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01/29/2002 - I LOVE PARKING TICKETS, PART ONE
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I LOVE PARKING TICKETS, PART ONE

Dear Friends,

Okay, the title is an absolute lie. I despise parking tickets, even more than the average city dweller. Those of you who live outside Los Angeles may not know the pain of permit parking and the army of dim-witted parking enforcement officials that set out, every day, to take a little cash from people in order to pay their own bloated salaries and benefits packages.

Three years ago, I was issued four unfair parking tickets in a stretch of 48 hours. I'm not lying about this. I've received fair tickets, and paid them quickly. Usually with something in the "Memo" section of the check that says "For sexual favors," or "Parking Enforcement Twinkie Fund."

But these tickets were patently unfair. So I decided I was going to fight them. Despite the fact that they totaled only $120, and I knew fighting them would instantly cost me more money (in terms of time) than just paying them. It's the principle, right? Plus, I figured I might just be able to write a magazine article on my experience in getting the tickets overturned. Something a lot like this particular column, but without the profanity and baseless assertions. For now, let's just continue with the profanity angle.

To start the appeals process, I followed directions, filling out a form down at the parking office explaining why each of the tickets was unfair. This is the office where they actually have to have a real cop standing around, in case "customers" become too irate at the employees, which happens about every five minutes. So actually, it's kind of a fun place to be, especially if you like wasting about three hours listening to the village-idiot employees straining their sub-grammar-school educations in trying to explain points of parking law to pissed-off people.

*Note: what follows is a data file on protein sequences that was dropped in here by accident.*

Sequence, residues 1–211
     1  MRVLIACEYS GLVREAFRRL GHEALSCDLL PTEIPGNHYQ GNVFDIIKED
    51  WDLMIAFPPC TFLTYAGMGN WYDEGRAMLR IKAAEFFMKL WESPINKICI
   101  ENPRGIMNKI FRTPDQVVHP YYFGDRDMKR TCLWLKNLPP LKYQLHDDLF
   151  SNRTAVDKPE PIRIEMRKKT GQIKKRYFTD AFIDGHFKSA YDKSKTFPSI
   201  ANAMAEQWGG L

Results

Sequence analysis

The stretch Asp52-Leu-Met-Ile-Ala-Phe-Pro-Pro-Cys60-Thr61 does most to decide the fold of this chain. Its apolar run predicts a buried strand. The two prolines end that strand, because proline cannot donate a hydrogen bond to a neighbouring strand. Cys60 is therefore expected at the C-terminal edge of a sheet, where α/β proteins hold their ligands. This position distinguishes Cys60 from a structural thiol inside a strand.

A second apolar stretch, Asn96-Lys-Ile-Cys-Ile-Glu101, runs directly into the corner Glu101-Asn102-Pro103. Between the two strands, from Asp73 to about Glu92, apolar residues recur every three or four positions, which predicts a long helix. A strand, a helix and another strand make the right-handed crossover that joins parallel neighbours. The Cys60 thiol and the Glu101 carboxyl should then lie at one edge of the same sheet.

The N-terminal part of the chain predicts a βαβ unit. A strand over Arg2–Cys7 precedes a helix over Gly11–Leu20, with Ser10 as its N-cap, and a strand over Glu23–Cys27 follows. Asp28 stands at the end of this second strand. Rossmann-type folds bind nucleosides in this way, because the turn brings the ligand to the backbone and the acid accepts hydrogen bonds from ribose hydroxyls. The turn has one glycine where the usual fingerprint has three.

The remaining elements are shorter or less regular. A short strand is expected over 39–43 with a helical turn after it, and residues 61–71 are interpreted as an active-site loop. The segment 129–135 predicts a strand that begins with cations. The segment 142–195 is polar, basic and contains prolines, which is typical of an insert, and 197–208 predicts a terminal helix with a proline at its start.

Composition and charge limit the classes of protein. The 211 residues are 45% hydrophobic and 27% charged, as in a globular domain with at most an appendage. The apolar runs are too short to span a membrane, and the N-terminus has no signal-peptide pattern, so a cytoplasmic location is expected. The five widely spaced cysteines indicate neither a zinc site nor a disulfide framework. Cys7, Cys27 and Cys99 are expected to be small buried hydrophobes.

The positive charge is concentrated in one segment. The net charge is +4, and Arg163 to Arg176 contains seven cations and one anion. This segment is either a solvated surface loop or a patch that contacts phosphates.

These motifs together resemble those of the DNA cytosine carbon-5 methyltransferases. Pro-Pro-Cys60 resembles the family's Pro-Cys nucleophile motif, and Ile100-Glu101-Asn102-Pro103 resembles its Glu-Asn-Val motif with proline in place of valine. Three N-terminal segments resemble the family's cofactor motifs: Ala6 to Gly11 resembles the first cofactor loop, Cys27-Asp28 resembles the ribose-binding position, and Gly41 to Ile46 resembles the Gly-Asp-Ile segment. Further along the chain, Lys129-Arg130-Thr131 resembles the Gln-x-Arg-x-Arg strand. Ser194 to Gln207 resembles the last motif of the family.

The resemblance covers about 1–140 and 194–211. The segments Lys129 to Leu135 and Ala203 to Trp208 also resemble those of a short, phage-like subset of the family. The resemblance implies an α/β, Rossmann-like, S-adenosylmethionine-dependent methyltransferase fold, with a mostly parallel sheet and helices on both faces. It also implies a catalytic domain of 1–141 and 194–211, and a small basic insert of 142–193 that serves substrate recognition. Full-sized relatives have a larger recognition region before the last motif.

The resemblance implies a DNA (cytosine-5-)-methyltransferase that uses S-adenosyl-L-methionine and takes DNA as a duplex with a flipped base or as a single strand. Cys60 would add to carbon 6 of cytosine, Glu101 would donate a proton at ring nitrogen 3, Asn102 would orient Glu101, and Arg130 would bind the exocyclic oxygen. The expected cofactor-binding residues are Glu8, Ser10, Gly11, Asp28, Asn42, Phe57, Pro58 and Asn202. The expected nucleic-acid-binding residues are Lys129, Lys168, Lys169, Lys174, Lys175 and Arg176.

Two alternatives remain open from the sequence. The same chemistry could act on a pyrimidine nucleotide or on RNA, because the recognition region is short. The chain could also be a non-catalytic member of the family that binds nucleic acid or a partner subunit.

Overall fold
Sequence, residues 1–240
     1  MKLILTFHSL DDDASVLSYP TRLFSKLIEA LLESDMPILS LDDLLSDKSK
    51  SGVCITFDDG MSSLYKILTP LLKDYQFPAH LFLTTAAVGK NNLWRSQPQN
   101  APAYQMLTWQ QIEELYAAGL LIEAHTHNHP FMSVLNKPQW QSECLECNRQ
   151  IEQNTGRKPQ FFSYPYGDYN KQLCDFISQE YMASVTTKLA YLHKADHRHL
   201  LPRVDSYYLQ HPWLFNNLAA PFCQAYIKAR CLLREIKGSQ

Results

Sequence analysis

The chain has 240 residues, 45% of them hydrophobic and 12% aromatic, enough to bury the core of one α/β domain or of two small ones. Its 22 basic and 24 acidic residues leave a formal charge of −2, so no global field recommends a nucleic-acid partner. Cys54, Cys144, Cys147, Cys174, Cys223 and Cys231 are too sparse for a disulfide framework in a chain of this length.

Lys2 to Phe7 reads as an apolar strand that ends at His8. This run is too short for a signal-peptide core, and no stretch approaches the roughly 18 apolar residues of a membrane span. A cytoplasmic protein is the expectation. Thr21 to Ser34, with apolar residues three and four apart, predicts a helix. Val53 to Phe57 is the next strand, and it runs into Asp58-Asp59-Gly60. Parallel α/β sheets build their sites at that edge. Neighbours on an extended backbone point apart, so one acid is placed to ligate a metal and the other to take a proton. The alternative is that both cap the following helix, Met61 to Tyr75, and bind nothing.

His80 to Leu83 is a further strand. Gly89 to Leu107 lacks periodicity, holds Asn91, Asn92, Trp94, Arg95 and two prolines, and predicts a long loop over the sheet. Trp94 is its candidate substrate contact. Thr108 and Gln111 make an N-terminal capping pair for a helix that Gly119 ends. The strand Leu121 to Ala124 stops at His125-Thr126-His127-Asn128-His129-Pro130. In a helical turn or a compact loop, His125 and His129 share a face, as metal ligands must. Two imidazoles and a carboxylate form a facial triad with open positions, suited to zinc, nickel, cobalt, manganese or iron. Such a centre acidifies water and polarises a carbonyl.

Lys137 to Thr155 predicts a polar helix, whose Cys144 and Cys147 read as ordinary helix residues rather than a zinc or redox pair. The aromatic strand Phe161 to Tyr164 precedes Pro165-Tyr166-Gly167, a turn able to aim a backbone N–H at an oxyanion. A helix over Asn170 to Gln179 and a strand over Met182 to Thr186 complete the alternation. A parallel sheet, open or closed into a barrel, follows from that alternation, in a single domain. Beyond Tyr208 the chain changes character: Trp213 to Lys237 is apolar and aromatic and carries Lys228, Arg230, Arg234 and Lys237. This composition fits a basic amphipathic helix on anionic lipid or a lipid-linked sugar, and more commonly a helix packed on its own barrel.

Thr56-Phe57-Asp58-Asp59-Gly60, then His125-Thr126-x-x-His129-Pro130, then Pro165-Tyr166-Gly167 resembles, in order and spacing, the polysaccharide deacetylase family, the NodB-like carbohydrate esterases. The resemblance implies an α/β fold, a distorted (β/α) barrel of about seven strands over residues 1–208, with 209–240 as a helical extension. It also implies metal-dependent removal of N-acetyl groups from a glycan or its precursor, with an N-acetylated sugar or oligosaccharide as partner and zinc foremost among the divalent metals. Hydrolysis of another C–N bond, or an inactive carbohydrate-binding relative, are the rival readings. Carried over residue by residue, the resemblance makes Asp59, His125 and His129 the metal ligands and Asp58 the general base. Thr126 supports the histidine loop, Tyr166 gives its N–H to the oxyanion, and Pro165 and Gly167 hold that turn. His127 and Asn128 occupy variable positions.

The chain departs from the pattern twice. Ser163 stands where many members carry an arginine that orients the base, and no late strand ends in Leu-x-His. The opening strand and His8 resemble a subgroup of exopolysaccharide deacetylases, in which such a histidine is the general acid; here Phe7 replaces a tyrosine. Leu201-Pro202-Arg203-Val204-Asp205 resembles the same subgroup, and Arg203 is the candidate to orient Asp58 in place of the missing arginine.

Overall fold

I had been to this parking office many times before, but I was particularly smug this time. Because I knew I was right. They were wrong. They screwed up, big time, and I could prove it. Of course, the glorious City of Los Angeles Parking Fascists made me pay the fines BEFORE my appeal was heard. Yes, lovely. Guilty until proven innocent. Luckily, they don't usually do the death penalty that way. But in any case, I'm sure Thomas Jefferson would be proud.

Anyway, I paid. About a month later I received word. Great news - one of the tickets was thrown out. ONE! But the others were all determined to be valid. At this point, I was sure that the person who determined the "validity" of these tickets was probably a Brazilian Nazi who had somehow slipped through the Nuremberg net. My other thought was that, since most of the mental midgets I've run across down at the parking office can barely pick their own nose without a book of procedures, it was probably some clock-punching cretin who barely took the time to read my appeal - assuming, that is, that this defect could actually (a) read, and (b) decipher all of the complex, two-syllable words I used in my letter. I figured I probably should have just drawn some crayon pictures. But I digress.

Wait, while we're digressing, let me take you on a flashback to when I actually caught the first person issuing me a parking ticket. I had just parked at a park, where there were no posted signs, and not even the posted sign you sometimes see that says "parking in assigned spaces only." Anyway, I had just walked away from my car when I turned and saw this two-toothed oaf writing up a ticket. I ran back and asked her what was wrong. Red-faced, she mumbled something about it being a "passenger loading zone." I asked her how I could divine that fact, given there were no signs for miles around. She couldn't quite answer me and put the ticket on my car, saying - get this - that I could "just fight the ticket." And then she hurried away, knowing that she had just damned me to a bureaucracy that makes Terry Gilliam's vision in BRAZIL seem positively Utopian.

In any case, before I drone on too long about this, I just want to say that there's a reason I'm getting into all of this. Had I been so inclined, I could have turned this parking ticket fiasco into any number of projects - a short film, a comedy, a documentary, a magazine article - and whatever it was would have benefited greatly from the fact that I actually lived it. I know in the modern world that it's not always easy to have these great visions quests or adventures, but there's always something in your life from which to draw. Even if all you're doing is parking your car. One of my favorite shows - CURB YOUR ENTHUSIASM - does this all the time, and masterfully.

So instead of drawing references from movies, television, and the internet, pull everything you can from your reality. Even mundane, annoying experiences can become something fun. Plus, you can sometimes get a little revenge, even if only on paper. I'll finish the story of my parking ticket odyssey next week. It gets better - and I get angrier - as it unfolds.

Cited,

Grady

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